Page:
Hurricane season isn’t over yet. These storms can be dangerous and unpredictable, and with the chance of more storms on the way, it’s important that you understand enough about them to stay safe should you ever be in one of their paths. When is hurricane season and what’s the difference between categories?
Here’s everything you need to know about these ferocious storms.
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What Is a Hurricane?
A hurricane is a spinning storm system that forms over warm open waters and sometimes moves toward land. A storm becomes classified as a hurricane when its wind speeds reach 74 miles per hour. After that, the storm is given a classification of 1 through 5 on the Saffir-Simpson Hurricane Wind Scale, which signifies how strong — and subsequently how dangerous — the hurricane is.
Here’s a breakdown of each category:
- Category 1 Hurricanes (75-95 mph winds): Category 1 hurricanes can pose moderate danger and cause some property damage. Winds may snap tree branches or uproot some trees. Damage to power lines may lead to short power outages.
- Category 2 Hurricanes (96-110 mph winds): Category 2 hurricanes can pose extreme danger. Power outages and uprooted trees should be expected. A well-constructed house could probably withstand the winds, but extensive property damage is still likely.
- Category 3 Hurricanes (111-129 mph winds): Category 3 hurricanes can cause major property damage. Electricity and running water are likely to be unavailable for days or weeks.
- Category 4 Hurricanes (130-156 mph winds): Category 4 hurricanes will cause major damage to even the sturdiest homes. Power outages could last weeks to months, and the area will likely be uninhabitable for at least a few weeks after.
- Category 5 Hurricanes (157+ mph winds): Category 5 hurricanes cause catastrophic damage. Roofs and walls often collapse. Power poles and trees fall. The extensive damage may make the area uninhabitable for weeks to months.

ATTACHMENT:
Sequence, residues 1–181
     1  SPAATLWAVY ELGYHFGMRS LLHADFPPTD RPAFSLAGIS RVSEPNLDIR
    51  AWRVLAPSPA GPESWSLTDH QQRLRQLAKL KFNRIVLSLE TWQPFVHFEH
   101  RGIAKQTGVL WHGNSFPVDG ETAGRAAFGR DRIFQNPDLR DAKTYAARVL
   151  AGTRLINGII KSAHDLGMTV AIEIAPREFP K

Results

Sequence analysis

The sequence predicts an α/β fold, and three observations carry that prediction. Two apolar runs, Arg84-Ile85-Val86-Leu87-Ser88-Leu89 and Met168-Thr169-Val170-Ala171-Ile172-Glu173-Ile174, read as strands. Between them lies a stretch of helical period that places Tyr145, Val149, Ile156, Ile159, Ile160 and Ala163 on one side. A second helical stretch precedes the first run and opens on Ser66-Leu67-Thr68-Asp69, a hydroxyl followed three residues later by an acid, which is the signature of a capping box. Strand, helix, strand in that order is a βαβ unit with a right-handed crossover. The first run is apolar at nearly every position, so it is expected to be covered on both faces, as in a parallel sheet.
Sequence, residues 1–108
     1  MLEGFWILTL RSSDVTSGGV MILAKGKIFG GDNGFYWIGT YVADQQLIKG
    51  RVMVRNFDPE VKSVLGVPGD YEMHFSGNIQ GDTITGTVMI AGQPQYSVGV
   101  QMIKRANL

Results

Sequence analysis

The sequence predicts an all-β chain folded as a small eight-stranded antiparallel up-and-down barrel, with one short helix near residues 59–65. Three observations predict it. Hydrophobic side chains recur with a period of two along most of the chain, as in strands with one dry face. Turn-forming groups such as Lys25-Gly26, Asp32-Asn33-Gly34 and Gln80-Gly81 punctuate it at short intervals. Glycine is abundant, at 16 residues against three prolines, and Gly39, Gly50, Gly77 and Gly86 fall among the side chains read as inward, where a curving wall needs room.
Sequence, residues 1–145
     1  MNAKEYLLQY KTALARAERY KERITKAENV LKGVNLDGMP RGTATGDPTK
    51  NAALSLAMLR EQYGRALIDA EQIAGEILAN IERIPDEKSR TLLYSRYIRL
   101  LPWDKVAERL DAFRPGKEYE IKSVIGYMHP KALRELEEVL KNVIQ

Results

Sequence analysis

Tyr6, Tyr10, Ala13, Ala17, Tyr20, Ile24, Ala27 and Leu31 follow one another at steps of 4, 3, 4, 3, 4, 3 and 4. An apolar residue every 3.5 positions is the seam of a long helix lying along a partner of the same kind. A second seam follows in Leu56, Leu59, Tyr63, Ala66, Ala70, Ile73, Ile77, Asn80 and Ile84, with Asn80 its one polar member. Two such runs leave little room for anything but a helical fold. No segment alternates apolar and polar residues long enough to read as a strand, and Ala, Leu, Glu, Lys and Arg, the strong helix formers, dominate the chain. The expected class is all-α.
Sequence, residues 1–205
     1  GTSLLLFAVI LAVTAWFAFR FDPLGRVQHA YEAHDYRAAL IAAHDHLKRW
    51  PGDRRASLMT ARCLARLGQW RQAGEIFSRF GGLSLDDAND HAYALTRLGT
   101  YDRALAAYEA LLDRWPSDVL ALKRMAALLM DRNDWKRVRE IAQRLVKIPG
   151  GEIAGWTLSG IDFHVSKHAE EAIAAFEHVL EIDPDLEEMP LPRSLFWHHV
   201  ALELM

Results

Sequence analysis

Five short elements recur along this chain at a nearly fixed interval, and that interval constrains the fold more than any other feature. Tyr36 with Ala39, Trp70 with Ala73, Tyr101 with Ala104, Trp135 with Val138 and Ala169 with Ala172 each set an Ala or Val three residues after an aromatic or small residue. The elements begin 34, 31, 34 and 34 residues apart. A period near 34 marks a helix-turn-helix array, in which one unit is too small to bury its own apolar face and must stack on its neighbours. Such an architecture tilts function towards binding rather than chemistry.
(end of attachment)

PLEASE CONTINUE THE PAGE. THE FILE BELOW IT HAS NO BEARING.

Categories 3 through 5 are considered major hurricanes, and they’re seriously dangerous, so it’s important to know what storm you’re dealing with and prepare accordingly.
When Is Hurricane Season?
Official hurricane season in the Atlantic Ocean starts June 1 and ends November 30. In the Pacific, it starts a little earlier, on May 15, but still runs through November 30.
Though official hurricane season in the Atlantic lasts six whole months, the hurricane season actually peaks in the middle, between August and early October. Though scientists don’t let their guard down anytime during hurricane season, they find these months pose a particular risk for storms making landfall.
How Do Hurricanes Form?
In the late summer months, the tropical waters around the equator are at their warmest, leading to the perfect conditions for a hurricane to form, which explains the spike in activity around this time.
Hurricanes form like this — around the equator, thunderstorms suck up warm water molecules into the atmosphere, where their heat is converted into energy. This fuels the hurricane’s spin around a low-pressure center called the eye of the storm. Over time, given the right conditions — like a lack of wind shear and warm water — the storm can gain energy, producing faster winds and wider radius of effect.
At first, such a storm system is classified as a tropical depression. When wind speeds reach 39 mph, however, it becomes classified as a tropical storm and organizations around the world begin to track its progress.